Scientists have trained an artificial intelligence (AI) system to see things the way humans do, by inferring an environment with just a few quick glimpses around, that may pave the way for more effective search-and-rescue robots. Most AI tools are trained for very specific tasks, such as to recognise an object or estimate its volume in an environment they have experienced before.
Scientists at the University of Texas at Austin in the US wanted to develop an AI for general purpose, gathering visual information that can then be used for a wide range of tasks. "We want an agent that is generally equipped to enter environments and be ready for new perception tasks as they arise," said Kristen Grauman, a professor at the University of Texas.
"It behaves in a way that's versatile and able to succeed at different tasks because it has learned useful patterns about the visual world," Grauman said in a statement. The research, published their results today in the journal Science Robotics, using deep learning, a type of machine learning inspired by the brain's neural networks, to train their agent on thousands of 360-degree images of different environments.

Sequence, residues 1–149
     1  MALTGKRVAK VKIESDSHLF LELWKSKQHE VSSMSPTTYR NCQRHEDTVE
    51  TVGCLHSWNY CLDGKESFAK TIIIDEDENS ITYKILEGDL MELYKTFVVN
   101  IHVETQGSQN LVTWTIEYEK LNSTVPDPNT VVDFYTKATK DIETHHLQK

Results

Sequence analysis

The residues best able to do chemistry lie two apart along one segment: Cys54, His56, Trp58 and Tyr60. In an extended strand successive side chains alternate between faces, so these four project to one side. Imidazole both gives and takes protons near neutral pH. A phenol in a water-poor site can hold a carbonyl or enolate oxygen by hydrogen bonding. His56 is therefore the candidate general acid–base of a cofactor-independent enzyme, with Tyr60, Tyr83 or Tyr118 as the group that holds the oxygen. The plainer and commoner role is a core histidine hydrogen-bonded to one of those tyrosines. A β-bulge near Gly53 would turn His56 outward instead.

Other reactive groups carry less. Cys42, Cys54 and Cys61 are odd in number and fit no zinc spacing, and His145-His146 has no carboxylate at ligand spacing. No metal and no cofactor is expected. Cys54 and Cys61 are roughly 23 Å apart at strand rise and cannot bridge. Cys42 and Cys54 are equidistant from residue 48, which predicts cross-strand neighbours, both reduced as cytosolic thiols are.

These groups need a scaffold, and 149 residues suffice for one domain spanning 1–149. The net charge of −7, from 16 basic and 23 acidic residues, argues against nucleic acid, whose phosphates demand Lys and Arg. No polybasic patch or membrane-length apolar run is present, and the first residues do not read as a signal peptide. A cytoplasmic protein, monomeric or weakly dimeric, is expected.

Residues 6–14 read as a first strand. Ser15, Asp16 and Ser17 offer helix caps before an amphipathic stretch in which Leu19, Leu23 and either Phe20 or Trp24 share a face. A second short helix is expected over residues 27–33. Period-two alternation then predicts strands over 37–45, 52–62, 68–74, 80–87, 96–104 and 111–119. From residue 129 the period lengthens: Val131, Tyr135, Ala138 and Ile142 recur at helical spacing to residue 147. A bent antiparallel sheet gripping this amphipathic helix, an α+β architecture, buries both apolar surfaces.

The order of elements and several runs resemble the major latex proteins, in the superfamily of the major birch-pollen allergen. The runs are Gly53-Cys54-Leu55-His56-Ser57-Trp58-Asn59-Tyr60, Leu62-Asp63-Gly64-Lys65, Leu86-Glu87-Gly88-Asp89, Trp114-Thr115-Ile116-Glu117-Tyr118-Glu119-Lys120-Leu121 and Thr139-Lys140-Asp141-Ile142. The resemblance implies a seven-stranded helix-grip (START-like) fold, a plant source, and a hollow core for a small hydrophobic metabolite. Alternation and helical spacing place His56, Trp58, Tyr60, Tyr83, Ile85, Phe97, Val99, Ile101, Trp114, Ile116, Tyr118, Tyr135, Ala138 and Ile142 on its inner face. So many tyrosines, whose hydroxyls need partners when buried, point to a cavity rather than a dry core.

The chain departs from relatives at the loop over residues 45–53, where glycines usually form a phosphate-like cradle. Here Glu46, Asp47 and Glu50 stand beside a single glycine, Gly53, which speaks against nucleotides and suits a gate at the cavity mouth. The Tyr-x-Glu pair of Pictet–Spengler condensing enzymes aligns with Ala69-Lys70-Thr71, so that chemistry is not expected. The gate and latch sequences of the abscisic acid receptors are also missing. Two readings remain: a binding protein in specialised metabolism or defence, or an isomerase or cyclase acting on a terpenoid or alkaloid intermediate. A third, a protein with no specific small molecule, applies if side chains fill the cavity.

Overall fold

Now, when presented with a scene it has never seen before, the agent uses its experience to choose a few glimpses -- like a tourist standing in the middle of a cathedral taking a few snapshots in different directions -- that together add up to less than 20 per cent of the full scene. What makes this system so effective is that it is not just taking pictures in random directions but, after each glimpse, choosing the next shot that it predicts will add the newest information about the whole scene.
Based on glimpses, the agent infers what it would have seen if it had looked in all the other directions, reconstructing a full 360-degree image of its surroundings. "It learns to make intelligent guesses about where to gather visual information to succeed in perception tasks," Grauman said.
One of the main challenges the scientists set for themselves was to design an agent that can work under tight time constraints. This would be critical in a search-and-rescue application. For example, in a burning building, a robot would be called upon to quickly locate people, flames and hazardous materials and relay that information to firefighters.
For now, the new agent operates like a person standing in one spot, with the ability to point a camera in any direction but not able to move to a new position. Equivalently, the agent could gaze upon an object it is holding and decide how to turn the object to inspect another side of it. Next, the researchers are developing the system further to work in a fully mobile robot.
(With inputs from agencies.)